The recession was a great spur for the green movement; saving energy saves money. In turn, mainstream adoption of the green movement has contributed to the rise of the "smart home," because so much about home automation can be linked to energy savings. A smart home lets the homeowner reduce consumption by only using energy where and when it's most needed, saving money and the planet without affecting comfort.
When considering any green building project, from new construction to remodeling, implement home automation technology in the following areas to create a smarter, greener and happier home (and homeowner).
1. Smart Climate Control
A green builder who hasn't heard of the Nest Learning Thermostat should probably have his qualifications revoked, but whether you go nutty for Nest or think its overpriced hype, climate control is definitely the primary way to offset a home's carbon footprint.
Wi-Fi enabled thermostats have the ability to save significantly more energy than "dumb" thermostats, in part because they can be controlled from anywhere. So when the homeowner overrides the carefully thought-out schedule because it was really hot one morning, he or she can easily adjust it from the office or train station.
Another small change that makes a large difference in climate control is smart shades. Window coverings such as the Lutron Shade System can be pre-programmed to open and close during the hottest periods of the day, using or excluding the power of passive solar from the home, depending on need.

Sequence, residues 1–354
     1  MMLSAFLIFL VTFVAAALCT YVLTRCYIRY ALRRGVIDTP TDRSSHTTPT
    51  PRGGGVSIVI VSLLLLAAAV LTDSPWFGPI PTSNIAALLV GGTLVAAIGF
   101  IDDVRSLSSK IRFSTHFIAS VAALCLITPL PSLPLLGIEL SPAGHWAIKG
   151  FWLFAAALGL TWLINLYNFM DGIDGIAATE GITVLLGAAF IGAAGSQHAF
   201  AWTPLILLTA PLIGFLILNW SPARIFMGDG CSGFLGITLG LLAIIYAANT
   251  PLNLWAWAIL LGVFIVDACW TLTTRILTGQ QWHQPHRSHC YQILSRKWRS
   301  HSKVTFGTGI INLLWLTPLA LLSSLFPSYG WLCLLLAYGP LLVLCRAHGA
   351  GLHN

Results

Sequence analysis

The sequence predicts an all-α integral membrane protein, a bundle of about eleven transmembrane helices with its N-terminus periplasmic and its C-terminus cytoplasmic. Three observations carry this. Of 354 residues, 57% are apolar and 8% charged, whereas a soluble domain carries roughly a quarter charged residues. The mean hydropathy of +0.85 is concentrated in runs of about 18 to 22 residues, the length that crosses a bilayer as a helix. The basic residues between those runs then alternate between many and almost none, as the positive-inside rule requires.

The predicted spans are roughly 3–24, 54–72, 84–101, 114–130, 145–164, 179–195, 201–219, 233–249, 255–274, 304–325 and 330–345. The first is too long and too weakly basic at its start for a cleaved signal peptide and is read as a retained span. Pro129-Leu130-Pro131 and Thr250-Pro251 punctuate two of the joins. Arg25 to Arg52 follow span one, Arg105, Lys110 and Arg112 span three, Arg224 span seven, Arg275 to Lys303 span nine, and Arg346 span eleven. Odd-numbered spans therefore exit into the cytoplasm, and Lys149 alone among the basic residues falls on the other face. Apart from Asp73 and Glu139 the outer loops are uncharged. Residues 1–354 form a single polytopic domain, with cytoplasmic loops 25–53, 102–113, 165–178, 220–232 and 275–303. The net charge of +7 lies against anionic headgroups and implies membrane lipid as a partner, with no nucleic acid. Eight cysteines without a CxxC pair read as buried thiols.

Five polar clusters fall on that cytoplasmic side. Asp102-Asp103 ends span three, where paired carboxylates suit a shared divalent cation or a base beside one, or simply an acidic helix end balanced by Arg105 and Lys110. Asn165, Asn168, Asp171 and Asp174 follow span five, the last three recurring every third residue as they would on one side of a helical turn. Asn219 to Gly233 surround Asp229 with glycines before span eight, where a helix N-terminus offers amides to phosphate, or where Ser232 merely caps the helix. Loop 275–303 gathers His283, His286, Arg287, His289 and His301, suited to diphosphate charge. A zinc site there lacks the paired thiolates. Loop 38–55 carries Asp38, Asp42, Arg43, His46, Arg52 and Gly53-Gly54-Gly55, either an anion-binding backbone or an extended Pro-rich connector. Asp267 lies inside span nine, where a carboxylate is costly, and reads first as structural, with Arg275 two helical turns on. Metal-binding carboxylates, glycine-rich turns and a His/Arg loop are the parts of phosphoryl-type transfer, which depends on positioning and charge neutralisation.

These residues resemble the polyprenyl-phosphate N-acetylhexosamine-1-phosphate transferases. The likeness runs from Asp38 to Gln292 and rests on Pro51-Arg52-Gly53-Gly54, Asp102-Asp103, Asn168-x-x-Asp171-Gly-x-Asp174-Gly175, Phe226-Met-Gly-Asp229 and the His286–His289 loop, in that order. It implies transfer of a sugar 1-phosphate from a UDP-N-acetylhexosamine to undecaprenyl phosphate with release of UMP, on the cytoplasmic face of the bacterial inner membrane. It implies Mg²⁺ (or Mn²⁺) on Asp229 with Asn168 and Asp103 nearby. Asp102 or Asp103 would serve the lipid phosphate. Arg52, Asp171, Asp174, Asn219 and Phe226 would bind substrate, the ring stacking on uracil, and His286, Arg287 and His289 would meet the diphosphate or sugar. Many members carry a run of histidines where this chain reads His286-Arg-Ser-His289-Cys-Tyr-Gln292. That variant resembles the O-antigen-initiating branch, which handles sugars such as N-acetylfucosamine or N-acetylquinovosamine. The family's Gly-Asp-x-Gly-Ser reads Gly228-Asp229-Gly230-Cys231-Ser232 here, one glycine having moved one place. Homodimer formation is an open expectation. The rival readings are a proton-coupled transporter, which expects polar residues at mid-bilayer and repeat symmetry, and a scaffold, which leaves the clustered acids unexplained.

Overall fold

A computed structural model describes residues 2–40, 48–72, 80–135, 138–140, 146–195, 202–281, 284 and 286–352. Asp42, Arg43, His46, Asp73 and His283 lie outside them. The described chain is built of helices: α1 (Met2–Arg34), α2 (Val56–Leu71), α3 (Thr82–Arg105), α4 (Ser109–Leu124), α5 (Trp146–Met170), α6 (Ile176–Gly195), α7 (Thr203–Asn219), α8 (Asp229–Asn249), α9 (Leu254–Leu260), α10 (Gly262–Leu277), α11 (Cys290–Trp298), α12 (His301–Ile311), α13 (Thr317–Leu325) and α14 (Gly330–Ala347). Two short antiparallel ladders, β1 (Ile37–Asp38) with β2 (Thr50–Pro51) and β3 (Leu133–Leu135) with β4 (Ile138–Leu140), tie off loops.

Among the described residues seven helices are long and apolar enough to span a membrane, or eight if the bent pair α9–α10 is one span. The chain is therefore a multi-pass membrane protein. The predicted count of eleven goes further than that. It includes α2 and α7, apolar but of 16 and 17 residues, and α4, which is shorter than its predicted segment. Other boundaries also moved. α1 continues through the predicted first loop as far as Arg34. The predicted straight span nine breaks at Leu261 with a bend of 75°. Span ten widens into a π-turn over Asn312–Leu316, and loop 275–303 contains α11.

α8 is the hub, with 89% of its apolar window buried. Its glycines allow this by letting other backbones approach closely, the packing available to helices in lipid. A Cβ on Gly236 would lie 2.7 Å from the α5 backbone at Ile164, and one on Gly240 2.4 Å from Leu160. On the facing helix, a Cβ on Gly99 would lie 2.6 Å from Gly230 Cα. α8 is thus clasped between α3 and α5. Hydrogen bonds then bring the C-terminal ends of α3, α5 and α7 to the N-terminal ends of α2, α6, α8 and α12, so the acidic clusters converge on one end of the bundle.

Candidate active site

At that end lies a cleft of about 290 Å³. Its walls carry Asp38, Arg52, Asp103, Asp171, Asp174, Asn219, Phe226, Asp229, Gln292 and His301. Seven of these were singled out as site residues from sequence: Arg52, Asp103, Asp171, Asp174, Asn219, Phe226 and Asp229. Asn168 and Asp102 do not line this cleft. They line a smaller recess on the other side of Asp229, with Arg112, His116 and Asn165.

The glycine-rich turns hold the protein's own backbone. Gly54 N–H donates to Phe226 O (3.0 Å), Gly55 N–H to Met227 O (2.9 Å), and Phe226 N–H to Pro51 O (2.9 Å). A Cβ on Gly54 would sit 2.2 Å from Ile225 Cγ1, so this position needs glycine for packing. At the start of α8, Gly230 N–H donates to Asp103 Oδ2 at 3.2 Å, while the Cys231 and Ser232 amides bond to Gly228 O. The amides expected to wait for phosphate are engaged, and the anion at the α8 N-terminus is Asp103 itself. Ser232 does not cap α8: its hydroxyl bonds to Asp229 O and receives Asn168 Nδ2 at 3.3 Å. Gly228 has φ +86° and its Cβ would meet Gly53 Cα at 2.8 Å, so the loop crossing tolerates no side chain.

2. Smart Energy Control
Most home automation devices operate through sensors: motion, contact and climate. According to a recent study, 84 million contact and motion sensors will ship by 2018, in large part due to the fact that they can be used for energy savings, as well as the more traditional use of home security. Equipping a house with multiple sensors, such as these by Wink, can save energy by switching off lights when there is no motion, turning down humidifiers when the room reaches desired saturation, and alerting homeowners to windows or doors left open.
Additionally, smart plugs can be connected to large appliances such as dishwashers, washing machines and tumble dryers, to time them to work at off-peak hours, reducing the demand on the power grid.
3. Smart Lighting
The simplest and most efficient ways to create an energy-saving smart home is to "brighten" the lighting. There are two different options here: installing Wi-Fi enabled LED bulbs (such as the TCP Connected Smart LED Light Bulb), or going for a more "ground up" solution by installing Wi-Fi enabled switches and sockets that allow wireless control over regular bulbs and lamps. (Options include GE's Z-Wave Wireless Lighting Control Duplex Receptacle and Lutron's wireless in-wall dimmers.)
Either choice allows a homeowner to turn lighting on and off from anywhere, but for more assured energy savings, both can be connected to sensors, letting them do the hard work of remembering when to turn lights on and off.
Focusing home automation in these three areas is a step in the right direction toward a smarter, greener home, but it's important that the homeowner be able to control the technology easily. Incorporate anything too complicated, and the energy savings will likely fall by the wayside. The recent debut of sophisticated, yet simple, smart home hubs, such as Smart Things and Wink, are a great solution for tying all the disparate systems together. However, before you commit to a hub, make sure the technologies you are installing are compatible.
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